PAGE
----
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As times change, festivals must adapt too. Here are some wonderful new ways to celebrate Diwali to bring joy to you, your home, and those around you!
I love the festive season – the vibrant colours, flowers, lights, lamps, aroma of freshly made mithai (sweets), parties, and the generally buoyant spirit all around. You can sense the holiday mood in the air and here are a few ways to brighten up this Diwali for you and people around you, too. So, celebrate Diwali this season, but also remember to share and spread joy!
Check it out!
A lot of people I know make Diwali holidays their annual clean-your-closet occasion. You can do it anytime of the year but the holiday spirit and being happy and making others happy is a big catalyst to do some good. So go through all those closets and cupboards and take out stuff that has been lying there without being used.
Like they say – If you haven’t used it in a year, then you don’t need it. Follow that rule and sort through your things. One man’s junk could be another man’s treasure. So collect all that you take out and give it to your friends, house helps, a local NGO, school, homeless shelter or anyone who might need it.
A clean look is oh-so-refreshing. So, take out that dusting cloth and wipe away areas that are not cleaned regularly. Give your place an overall wipe and polish treatment. Oil those squeaky hinges, remove cobwebs, polish your silverware. Clean those mirrors and surfaces. Don’t forget the curtains, the sofa, and the carpet. These days you have excellent services available to come home and steam clean these items for you. Change your curtains or cushions and add some vibrant, warm and festive colours to your decor. Think red, yellow, orange, mustard, fuchsia, pink, and even greens!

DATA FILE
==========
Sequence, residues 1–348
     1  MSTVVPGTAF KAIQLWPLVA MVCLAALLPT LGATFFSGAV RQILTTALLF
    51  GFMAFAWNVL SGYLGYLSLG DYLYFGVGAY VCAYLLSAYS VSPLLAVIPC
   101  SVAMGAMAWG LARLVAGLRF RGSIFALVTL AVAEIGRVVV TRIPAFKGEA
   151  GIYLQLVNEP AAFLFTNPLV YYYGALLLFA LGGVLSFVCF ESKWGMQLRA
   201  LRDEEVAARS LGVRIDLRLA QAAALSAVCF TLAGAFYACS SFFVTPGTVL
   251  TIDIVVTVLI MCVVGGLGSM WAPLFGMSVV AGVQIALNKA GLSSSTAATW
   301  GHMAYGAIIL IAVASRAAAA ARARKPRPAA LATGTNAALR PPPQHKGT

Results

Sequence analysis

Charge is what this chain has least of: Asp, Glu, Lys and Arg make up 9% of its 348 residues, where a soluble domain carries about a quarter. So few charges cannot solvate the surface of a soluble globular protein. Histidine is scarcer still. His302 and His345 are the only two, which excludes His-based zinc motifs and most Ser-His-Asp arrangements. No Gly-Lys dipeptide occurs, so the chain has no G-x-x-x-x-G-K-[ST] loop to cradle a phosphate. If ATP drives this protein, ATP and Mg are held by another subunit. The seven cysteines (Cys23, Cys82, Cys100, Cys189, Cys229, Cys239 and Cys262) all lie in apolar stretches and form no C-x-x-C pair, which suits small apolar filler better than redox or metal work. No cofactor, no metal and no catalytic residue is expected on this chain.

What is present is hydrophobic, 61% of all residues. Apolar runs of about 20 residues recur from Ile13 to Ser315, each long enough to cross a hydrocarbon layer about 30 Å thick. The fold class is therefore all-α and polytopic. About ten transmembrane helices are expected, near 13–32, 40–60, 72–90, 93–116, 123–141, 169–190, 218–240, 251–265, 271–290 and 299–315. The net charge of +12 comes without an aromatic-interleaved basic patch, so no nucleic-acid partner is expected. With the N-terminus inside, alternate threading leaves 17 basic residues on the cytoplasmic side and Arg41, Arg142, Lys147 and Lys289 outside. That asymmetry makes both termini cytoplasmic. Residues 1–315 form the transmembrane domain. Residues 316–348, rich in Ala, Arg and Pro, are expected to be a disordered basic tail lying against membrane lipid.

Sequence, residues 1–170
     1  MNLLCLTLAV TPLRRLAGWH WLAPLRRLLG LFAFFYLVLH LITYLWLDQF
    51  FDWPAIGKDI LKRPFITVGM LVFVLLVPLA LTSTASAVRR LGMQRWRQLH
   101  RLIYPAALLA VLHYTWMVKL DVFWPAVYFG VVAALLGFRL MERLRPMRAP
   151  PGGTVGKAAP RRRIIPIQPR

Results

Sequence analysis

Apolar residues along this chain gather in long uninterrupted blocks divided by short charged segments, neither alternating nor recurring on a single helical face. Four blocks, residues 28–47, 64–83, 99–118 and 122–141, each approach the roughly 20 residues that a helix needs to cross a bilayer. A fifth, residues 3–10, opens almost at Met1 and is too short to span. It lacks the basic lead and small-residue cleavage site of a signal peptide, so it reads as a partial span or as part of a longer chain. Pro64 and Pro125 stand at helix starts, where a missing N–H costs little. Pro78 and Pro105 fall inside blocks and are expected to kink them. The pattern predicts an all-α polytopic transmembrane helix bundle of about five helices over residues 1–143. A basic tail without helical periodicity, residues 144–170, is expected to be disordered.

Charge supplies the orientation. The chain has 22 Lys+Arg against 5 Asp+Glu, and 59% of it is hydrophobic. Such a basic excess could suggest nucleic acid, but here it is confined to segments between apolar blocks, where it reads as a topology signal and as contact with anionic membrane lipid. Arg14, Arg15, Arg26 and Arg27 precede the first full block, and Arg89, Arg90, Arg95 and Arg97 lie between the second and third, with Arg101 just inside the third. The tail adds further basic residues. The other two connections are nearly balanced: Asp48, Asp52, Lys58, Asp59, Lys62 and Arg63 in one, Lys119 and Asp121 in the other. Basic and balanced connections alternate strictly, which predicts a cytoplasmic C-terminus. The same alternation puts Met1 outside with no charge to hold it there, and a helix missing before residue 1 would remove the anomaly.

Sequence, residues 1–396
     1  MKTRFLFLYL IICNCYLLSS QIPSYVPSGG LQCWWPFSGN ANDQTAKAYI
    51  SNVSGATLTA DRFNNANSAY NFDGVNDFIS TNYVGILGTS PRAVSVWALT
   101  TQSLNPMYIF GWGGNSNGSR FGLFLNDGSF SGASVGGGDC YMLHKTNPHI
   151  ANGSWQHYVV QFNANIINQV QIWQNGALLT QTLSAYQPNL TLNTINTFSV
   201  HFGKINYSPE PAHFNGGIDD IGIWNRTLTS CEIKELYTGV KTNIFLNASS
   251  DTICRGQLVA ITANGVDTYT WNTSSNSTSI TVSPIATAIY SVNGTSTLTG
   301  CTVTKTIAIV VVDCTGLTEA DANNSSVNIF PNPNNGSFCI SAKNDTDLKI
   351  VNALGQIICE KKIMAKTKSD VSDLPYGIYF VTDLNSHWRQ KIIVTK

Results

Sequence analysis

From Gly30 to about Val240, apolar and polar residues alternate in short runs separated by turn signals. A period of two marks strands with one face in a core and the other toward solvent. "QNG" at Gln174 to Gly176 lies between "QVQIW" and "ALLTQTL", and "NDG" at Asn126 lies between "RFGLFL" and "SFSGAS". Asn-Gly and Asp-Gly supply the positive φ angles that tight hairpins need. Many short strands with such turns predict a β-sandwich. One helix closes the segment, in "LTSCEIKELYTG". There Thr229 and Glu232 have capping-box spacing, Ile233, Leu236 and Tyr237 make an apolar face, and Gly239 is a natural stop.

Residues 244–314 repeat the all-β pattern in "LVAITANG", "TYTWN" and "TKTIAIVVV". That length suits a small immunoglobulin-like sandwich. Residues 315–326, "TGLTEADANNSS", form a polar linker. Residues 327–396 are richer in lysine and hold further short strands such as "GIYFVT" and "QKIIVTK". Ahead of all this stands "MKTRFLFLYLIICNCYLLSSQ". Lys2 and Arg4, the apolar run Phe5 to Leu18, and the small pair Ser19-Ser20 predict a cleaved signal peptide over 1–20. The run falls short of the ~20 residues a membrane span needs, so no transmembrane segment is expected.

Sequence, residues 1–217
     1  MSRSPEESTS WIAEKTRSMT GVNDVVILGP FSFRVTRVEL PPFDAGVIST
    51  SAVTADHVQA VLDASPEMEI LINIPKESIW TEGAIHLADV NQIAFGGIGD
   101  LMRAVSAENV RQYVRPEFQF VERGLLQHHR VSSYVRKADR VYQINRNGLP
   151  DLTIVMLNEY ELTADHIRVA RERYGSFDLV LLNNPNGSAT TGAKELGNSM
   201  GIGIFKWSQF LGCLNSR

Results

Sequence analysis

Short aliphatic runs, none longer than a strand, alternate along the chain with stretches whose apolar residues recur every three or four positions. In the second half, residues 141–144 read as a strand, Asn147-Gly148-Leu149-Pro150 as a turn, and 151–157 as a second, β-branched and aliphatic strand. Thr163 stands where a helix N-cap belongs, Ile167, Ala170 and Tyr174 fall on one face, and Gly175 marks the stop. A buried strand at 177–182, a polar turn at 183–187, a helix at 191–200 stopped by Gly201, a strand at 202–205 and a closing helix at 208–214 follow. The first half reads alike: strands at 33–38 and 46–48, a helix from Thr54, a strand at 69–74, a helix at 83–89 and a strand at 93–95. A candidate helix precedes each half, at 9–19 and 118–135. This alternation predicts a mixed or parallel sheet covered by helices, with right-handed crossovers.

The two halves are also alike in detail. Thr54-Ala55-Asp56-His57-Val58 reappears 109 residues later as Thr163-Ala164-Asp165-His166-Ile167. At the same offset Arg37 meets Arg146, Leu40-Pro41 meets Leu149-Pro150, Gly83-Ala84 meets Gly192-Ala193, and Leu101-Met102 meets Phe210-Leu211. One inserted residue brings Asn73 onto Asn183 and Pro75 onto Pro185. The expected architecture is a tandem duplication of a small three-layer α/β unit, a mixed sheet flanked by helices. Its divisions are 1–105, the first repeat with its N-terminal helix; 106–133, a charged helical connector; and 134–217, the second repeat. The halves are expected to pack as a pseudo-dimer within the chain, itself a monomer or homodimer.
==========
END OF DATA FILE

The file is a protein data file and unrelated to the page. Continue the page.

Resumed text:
Diwali is after all the festival of lights! Add some to your home. Try new things, different things this time. For the regular lighting you can put earthen diyas, and paint them yourselves. You can even make it a family activity and paint together with your kids. Use candles or electric string lights. For a lovely looking traditional touch place some brass or terracotta urlis filled with water, flowers and floating candles around the house.
Replace your existing lampshades with bright and colourful lampshades. For a unique and eclectic touch, use fairy lights around the curtain rods or hanging from the ceiling, or paper lanterns around your ceiling dome light.
Festival rituals are fun and memorable. You can make your own version of the existing ones. A friend and her family make rangoli together, every Diwali. It is a family activity and everybody pitches in with their drawing ideas, colour combinations and what materials can be used. The kids love it and are actively involved.
Last year they used flowers to make rangoli instead of the typical powdered colours. For the less artistically inclined or capable people, like me, you get easy-to- use rangoli stencil kits or even rangoli stickers.